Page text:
Exercising legal rights comes with a cost.  I have a right to decline consent to a search of my vehicle here in the US. It may cost me some additional time if the police detain me to bring out a dog to sniff or otherwise attempt to obtain a warrant.  It is up to me which is more important. Streisand and her lawyers apparently failed to take pragmatism into consideration.  Yes, a cease and desist letter can be sent.  But what is the cost/benefit analysis?

Which leads to the line that CNN placed into the story about reserving the right to publish the guy’s name should he retract his apology, for example.  While there may be some potential benefit in explicitly reserving this right (I don’t know why they felt they had to do it, unless they worry that later publication could mean that the guy sues them on the basis that “you said you wouldn’t publish my name!”) the cost of the statement is fairly apparent to anyone reading it. Yes, it looks to my eyes that CNN issued a threat.

Why was it included?  I can only speculate, and I don’t want to do that.

Doesn’t CNN have a red team?  It seems pretty clear to me that even if some lawyer said, “just to be on the safe side, put something in there about how you don’t waive your rights” that the big picture should be viewed.  A run by the PR department.  Or how about even hiring someone who hates CNN to red team certain things like this.  “The lawyer says that there is a miniscule chance that we could get sued if we name him later. Red team says that if we put this statement out there we might be trending #1 on Twitter for all the wrong reasons.  They bring up Streisand.”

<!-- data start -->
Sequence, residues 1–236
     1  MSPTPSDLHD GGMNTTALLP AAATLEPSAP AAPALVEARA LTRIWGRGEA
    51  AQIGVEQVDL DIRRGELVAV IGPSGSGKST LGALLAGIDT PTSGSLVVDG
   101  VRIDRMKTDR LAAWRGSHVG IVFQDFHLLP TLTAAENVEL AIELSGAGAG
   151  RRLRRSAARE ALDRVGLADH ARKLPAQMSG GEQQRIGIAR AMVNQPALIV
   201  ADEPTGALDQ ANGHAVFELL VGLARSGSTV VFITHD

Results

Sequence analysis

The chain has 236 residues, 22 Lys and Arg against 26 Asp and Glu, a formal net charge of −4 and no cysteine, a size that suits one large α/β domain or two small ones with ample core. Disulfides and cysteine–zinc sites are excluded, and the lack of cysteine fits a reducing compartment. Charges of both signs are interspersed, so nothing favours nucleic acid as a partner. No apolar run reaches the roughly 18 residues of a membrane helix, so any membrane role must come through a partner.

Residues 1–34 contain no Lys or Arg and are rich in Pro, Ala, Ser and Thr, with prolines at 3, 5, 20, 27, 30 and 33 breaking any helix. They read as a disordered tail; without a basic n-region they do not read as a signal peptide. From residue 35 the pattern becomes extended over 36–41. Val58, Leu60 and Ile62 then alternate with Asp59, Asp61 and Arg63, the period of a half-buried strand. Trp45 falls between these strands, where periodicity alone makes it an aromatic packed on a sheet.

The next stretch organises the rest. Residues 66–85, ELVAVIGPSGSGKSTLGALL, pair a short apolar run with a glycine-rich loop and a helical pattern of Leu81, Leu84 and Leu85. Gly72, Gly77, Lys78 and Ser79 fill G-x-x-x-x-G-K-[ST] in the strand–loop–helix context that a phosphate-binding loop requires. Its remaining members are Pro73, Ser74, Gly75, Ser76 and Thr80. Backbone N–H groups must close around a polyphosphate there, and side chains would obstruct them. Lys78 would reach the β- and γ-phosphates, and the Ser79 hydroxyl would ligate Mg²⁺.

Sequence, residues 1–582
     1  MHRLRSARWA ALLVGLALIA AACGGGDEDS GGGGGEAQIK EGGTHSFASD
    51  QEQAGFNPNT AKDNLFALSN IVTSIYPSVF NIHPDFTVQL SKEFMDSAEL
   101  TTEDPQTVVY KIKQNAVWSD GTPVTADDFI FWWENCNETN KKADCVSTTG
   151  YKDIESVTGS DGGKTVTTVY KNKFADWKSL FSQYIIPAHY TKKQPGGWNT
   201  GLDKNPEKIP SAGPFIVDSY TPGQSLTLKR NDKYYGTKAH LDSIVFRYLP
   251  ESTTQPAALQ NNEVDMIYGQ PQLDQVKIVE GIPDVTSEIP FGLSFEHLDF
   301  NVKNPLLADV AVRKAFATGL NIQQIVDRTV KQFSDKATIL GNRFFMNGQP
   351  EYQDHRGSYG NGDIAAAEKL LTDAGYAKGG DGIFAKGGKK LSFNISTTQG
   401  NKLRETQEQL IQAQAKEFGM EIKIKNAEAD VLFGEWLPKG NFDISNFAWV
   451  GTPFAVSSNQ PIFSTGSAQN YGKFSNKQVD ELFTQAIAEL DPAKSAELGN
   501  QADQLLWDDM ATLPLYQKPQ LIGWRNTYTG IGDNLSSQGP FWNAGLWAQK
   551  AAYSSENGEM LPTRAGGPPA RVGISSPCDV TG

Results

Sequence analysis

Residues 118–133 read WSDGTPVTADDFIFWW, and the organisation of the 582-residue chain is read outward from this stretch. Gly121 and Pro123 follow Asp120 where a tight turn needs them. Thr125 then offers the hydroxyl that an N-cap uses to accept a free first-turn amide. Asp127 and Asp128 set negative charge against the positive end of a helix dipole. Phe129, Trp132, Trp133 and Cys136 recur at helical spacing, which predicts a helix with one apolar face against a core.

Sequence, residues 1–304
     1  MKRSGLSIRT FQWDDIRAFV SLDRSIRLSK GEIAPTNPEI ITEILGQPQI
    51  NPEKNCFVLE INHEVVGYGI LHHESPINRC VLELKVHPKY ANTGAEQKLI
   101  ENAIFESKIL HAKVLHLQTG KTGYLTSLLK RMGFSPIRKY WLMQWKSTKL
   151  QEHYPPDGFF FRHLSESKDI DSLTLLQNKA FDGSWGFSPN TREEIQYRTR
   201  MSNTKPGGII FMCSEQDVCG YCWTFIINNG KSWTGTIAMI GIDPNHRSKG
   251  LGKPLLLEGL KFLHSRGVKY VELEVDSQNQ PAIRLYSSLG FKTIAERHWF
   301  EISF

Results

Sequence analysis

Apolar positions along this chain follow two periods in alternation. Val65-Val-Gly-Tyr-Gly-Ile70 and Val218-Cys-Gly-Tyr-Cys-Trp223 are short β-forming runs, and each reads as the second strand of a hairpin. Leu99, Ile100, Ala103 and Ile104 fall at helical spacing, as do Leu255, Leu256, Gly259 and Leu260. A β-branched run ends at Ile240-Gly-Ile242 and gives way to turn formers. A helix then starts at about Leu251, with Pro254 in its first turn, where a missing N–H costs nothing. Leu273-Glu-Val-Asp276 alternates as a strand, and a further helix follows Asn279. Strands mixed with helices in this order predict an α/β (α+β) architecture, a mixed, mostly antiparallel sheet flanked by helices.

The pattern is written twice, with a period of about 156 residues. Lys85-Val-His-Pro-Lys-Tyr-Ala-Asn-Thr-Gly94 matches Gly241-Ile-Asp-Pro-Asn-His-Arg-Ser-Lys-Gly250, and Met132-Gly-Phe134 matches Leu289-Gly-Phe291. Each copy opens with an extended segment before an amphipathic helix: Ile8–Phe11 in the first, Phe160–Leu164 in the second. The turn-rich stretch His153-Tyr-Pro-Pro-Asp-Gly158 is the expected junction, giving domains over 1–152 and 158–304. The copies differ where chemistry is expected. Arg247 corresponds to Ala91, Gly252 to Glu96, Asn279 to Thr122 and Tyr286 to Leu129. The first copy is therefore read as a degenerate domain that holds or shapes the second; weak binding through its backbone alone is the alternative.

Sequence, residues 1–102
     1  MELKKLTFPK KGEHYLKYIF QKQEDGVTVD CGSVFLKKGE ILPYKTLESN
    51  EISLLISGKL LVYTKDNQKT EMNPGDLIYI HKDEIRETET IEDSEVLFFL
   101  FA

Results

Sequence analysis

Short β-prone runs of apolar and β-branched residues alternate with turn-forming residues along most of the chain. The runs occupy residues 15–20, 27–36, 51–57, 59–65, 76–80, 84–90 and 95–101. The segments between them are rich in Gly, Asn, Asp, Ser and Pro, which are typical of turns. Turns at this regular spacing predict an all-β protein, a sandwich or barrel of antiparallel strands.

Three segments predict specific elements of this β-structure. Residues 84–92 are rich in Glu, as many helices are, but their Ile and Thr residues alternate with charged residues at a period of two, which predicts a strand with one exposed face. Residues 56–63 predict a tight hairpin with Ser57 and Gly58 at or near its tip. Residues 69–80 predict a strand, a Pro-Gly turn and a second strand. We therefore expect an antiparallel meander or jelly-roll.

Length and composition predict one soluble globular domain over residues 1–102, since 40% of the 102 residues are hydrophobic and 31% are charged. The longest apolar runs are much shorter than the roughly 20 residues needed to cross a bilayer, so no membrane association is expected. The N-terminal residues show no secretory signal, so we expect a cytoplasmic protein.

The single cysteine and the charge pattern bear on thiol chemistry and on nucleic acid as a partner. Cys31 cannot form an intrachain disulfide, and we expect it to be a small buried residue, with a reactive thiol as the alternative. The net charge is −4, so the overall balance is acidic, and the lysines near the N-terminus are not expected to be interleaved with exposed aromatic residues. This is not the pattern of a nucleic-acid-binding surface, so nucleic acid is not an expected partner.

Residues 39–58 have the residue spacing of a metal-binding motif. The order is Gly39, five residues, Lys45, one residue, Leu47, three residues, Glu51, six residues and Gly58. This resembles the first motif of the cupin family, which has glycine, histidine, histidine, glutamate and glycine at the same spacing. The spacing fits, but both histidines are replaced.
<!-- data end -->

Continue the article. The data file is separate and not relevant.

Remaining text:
The did something because they could.  It’s being red teamed on social media right now. Learn the lesson: any more than necessary can be trouble.

A Note on Doxxing and Internet Mob Justice

Seriously, folks.  Lighten up.  What is the purpose of doxxing other than Schadenfreude? In most of these cases, petty mistakes or incidents of bad judgment are being used to attempt to destroy people’s lives for doing little more than doing something for which somebody takes offense.

There are reports that the reporter, editors of CNN, and others are being threatened to have their addresses, family names, etc., figured out and published.  Why?  So people can harass them.

Seriously, people.  These are humans.  They haven’t committed crimes (at least in most cases – I take no issue with figuring out the identities of those who have committed actual acts of violence like the Antifa guy who hit the kneeling protester with a bike lock) and often time just did something stupid.

Let’s cut off the mob rule, folks.